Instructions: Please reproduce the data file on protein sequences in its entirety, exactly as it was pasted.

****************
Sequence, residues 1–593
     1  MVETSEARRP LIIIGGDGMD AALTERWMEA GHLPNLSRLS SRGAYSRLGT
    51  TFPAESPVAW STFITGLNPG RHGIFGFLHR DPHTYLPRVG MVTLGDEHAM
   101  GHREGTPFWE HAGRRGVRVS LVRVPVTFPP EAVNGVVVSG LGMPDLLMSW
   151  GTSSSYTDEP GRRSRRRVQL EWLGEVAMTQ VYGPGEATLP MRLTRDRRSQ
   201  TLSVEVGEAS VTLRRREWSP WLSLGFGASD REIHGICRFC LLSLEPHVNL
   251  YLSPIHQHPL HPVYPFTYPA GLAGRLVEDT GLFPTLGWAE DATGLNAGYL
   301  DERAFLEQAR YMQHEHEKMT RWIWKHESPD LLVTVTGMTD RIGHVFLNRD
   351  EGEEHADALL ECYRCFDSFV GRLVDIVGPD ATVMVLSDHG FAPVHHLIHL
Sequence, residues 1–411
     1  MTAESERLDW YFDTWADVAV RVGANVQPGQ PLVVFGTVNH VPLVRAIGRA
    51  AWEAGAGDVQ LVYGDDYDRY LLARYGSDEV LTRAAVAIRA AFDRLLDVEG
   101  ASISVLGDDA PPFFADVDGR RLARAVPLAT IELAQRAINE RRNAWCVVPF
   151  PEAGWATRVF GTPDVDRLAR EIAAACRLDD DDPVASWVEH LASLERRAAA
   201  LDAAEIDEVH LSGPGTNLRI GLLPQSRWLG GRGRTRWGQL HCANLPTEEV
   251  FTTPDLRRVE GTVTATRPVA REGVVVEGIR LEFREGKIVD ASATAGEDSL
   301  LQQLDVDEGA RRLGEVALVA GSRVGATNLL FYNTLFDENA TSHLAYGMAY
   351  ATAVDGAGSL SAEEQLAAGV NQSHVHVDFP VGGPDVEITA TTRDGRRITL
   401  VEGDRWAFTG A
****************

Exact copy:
Sequence, residues 1–593
     1  MVETSEARRP LIIIGGDGMD AALTERWMEA GHLPNLSRLS SRGAYSRLGT
    51  TFPAESPVAW STFITGLNPG RHGIFGFLHR DPHTYLPRVG MVTLGDEHAM
   101  GHREGTPFWE HAGRRGVRVS LVRVPVTFPP EAVNGVVVSG LGMPDLLMSW
   151  GTSSSYTDEP GRRSRRRVQL EWLGEVAMTQ VYGPGEATLP MRLTRDRRSQ
   201  TLSVEVGEAS VTLRRREWSP WLSLGFGASD REIHGICRFC LLSLEPHVNL
   251  YLSPIHQHPL HPVYPFTYPA GLAGRLVEDT GLFPTLGWAE DATGLNAGYL
   301  DERAFLEQAR YMQHEHEKMT RWIWKHESPD LLVTVTGMTD RIGHVFLNRD
   351  EGEEHADALL ECYRCFDSFV GRLVDIVGPD ATVMVLSDHG FAPVHHLIHL
Sequence, residues 1–411
     1  MTAESERLDW YFDTWADVAV RVGANVQPGQ PLVVFGTVNH VPLVRAIGRA
    51  AWEAGAGDVQ LVYGDDYDRY LLARYGSDEV LTRAAVAIRA AFDRLLDVEG
   101  ASISVLGDDA PPFFADVDGR RLARAVPLAT IELAQRAINE RRNAWCVVPF
   151  PEAGWATRVF GTPDVDRLAR EIAAACRLDD DDPVASWVEH LASLERRAAA
   201  LDAAEIDEVH LSGPGTNLRI GLLPQSRWLG GRGRTRWGQL HCANLPTEEV
   251  FTTPDLRRVE GTVTATRPVA REGVVVEGIR LEFREGKIVD ASATAGEDSL
   301  LQQLDVDEGA RRLGEVALVA GSRVGATNLL FYNTLFDENA TSHLAYGMAY
   351  ATAVDGAGSL SAEEQLAAGV NQSHVHVDFP VGGPDVEITA TTRDGRRITL
   401  VEGDRWAFTG A